Washington State Department of Ecology
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about landslides

About slides on Puget Sound
Causes and common types of slides.
deep-seated slides
deep-seated slides
shallow slides
shallow slides
bench slides
bench slides
large slides
large slides
slide causes

Landsliding is a significant hazard along Puget Sound shorelines. Many factors contribute to slides, including geology, gravity, weather, groundwater, wave action, and human actions. Typically, a landslide occurs when several of these factors converge.

Many slides on Puget Sound occur in a geologic setting that places permeable sands and gravels above impermeable layers of silt and clay, or bedrock. Water seeps downward through the upper materials and accumulates on the top of the underlying units, forming a zone of weakness.
Puget Sound geology
Puget Sound geology

Gravity works more effectively on steeper slopes, such as the bluffs that surround Puget Sound, but more gradual slopes may also be vulnerable.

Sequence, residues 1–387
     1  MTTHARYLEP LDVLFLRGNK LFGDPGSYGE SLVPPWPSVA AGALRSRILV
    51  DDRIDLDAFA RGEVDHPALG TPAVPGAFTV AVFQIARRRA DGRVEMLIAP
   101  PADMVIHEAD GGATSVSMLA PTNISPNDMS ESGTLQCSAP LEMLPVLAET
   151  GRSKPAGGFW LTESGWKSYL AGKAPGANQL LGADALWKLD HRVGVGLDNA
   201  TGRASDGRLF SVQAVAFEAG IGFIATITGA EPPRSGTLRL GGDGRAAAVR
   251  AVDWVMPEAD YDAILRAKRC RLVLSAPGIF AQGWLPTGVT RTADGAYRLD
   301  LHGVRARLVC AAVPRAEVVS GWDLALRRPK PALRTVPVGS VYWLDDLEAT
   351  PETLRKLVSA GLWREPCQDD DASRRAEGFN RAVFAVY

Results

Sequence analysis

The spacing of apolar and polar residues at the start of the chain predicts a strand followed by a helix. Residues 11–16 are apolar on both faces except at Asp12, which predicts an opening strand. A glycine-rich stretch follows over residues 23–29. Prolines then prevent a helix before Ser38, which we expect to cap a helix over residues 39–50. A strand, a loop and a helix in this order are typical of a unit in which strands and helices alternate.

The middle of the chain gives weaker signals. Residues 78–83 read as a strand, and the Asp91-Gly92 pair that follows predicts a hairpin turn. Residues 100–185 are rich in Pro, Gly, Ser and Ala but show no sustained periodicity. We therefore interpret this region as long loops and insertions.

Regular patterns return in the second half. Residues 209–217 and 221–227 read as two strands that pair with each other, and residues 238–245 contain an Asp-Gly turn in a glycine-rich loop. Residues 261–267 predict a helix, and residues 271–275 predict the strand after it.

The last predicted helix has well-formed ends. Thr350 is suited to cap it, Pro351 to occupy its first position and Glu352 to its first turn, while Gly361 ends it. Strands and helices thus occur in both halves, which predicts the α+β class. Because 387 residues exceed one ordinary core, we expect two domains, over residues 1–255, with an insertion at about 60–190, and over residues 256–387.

Most slides on Puget Sound occur during or after heavy rains, from January through March.

Groundwater may rise as a result of heavy rains or a prolonged wet spell. As water tables rise, some slopes become unstable.

Wave action can erode the beach or the toe of a bluff, cutting into the slope, and setting the stage for future slides.

Human Actions
Our own actions, most notably those that affect drainage or groundwater, can trigger landslides. Clearing of vegetation, poor drainage practices, and onsite septic systems can all add to the water affecting the bluff.

Landslides in Puget Sound, King County.
General information on landslides in King County from their Office of Emergency Management.

The Liquid Earth, Atlantic Monthly Magazine.
A look at landslides with a special focus on the Rolling Bay slide on Bainbridge Island, 1997.

Geologic Hazard Maps, Department of Natural Resources
Landslides and landforms

Landslides in British Columbia, Govt. of British Columbia.
In British Columbia, Canada, the loss of life and damage to property caused by landslides is greater than losses caused by earthquakes and flooding.
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